US, India formally sign nuclear reprocessing pact
* Deal will enable Indian reprocessing of nuclear material under IAEA safeguards
WASHINGTON: The United States and India formally signed an agreement on reprocessing used nuclear fuel that US officials hope will allow American firms a share of India’s $150-billion nuclear energy market.
The agreement, signed by US Undersecretary of State for Political Affairs Bill Burns and Indian Ambassador to the US Meera Shankar, will enable Indian reprocessing of US-originated nuclear material under the International Atomic Energy Agency safeguards.
It is a part of the countries’ 2008 bilateral civilian atomic pact that ended India’s nuclear isolation after its 1974 atomic test. The pact gave India access to US technology and fuel, while also opening up the global nuclear market to India.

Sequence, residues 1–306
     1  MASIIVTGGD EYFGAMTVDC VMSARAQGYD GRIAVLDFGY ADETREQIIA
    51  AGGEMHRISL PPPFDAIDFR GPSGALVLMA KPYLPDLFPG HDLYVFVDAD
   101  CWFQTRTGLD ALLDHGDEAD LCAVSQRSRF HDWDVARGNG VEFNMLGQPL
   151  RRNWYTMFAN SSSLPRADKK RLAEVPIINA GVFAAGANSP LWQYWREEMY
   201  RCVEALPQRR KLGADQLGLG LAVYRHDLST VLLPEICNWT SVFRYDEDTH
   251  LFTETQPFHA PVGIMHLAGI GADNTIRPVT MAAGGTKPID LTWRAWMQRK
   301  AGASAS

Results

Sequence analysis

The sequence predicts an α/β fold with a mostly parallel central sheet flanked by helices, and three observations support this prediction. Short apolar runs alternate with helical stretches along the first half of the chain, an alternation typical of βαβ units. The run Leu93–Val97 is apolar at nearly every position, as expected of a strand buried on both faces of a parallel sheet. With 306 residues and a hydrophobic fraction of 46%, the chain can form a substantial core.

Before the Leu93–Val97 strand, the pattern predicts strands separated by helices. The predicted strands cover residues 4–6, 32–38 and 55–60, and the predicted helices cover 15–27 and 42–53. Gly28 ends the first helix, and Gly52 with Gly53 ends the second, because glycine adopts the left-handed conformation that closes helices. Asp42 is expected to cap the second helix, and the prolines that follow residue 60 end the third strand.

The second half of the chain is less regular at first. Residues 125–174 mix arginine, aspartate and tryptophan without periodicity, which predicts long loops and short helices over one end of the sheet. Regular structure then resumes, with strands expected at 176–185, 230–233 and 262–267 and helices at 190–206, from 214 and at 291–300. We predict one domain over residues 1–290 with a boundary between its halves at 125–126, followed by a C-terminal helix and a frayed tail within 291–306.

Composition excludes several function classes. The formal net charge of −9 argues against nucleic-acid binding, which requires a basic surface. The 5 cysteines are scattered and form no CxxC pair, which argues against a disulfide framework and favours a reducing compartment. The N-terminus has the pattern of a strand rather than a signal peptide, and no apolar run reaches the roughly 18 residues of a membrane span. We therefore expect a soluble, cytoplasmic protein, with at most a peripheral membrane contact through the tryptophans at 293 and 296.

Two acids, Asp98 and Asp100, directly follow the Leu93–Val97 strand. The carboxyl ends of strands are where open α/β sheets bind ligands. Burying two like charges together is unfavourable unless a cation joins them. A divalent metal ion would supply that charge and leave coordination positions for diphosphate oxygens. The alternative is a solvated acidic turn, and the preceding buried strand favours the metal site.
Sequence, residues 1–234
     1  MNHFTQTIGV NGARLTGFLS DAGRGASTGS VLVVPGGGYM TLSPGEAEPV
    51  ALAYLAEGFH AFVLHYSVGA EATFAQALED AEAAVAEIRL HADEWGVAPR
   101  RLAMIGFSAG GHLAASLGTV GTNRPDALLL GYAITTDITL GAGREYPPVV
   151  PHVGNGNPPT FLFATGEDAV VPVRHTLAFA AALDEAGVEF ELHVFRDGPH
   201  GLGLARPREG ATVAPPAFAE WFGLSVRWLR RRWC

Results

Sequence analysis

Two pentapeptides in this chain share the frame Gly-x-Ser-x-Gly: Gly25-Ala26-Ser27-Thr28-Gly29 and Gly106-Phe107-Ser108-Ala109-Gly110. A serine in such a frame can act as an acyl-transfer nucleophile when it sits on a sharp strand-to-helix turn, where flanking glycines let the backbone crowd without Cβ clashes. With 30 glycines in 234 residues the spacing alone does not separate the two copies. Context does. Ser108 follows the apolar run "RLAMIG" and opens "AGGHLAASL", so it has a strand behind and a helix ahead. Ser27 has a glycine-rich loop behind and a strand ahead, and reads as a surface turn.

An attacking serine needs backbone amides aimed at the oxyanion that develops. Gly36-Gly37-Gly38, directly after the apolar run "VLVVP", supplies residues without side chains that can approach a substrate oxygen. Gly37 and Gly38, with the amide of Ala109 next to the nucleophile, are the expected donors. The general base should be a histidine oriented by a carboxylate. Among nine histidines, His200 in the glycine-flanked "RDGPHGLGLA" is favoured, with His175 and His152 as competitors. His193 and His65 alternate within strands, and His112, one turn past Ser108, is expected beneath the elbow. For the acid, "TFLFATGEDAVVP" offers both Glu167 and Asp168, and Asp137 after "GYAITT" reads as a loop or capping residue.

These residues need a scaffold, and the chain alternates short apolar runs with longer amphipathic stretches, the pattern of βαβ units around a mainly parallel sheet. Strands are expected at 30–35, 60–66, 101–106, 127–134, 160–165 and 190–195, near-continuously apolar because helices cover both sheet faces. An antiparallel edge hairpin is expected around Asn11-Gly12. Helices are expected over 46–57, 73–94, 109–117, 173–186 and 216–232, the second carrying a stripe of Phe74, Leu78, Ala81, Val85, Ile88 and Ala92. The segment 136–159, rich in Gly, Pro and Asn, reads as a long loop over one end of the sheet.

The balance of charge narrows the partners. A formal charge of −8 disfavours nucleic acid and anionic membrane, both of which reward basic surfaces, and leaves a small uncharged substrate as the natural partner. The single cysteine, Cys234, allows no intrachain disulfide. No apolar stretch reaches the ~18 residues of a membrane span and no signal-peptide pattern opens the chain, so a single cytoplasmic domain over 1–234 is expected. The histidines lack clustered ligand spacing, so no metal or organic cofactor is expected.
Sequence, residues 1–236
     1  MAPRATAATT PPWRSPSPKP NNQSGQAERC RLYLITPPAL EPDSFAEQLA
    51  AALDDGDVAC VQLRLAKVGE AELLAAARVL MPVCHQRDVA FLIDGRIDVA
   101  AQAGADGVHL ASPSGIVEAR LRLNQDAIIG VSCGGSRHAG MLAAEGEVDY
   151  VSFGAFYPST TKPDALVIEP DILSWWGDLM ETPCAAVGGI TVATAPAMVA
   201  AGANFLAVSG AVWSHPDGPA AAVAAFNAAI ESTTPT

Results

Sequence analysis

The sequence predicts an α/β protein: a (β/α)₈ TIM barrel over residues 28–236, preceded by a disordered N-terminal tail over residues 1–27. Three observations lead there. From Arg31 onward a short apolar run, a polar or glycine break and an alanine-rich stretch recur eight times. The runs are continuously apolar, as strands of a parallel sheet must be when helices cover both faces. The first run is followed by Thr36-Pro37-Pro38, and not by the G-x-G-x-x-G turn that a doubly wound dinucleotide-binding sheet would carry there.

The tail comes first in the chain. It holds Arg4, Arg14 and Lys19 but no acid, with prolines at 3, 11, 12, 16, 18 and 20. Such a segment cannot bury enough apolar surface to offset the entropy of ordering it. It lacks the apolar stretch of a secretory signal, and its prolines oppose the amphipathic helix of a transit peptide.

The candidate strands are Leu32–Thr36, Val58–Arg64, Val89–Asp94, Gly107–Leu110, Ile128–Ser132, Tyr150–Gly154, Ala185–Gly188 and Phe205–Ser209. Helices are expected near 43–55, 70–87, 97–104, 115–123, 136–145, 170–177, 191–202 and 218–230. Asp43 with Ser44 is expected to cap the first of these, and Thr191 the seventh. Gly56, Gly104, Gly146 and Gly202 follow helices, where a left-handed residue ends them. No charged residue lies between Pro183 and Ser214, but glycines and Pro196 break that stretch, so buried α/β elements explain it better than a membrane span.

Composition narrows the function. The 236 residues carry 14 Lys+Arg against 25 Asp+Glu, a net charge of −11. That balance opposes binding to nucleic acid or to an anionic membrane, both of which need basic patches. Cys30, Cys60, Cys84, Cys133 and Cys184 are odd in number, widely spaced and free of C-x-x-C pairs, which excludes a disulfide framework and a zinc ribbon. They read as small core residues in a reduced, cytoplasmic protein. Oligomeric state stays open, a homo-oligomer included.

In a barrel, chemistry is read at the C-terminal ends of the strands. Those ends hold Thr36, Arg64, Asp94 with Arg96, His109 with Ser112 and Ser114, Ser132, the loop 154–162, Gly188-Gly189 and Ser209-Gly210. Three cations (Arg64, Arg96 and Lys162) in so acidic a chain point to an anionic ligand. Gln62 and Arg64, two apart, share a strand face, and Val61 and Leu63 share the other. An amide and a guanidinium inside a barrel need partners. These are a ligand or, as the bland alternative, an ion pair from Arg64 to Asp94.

“Increased civil nuclear trade with India will create thousands of new jobs for the US economy while helping India to meet its rising energy needs in an environmentally responsible way by reducing the growth of carbon emissions,” the US State Department said in a press release.
The pact between the two nations is expected to enter into force in early August. But a hurdle remains before US firms are expected to begin participating in the Indian nuclear market. The US firms are reluctant to do business in India without legislation that underwrites their compensation liability in the case of industrial accidents. reuters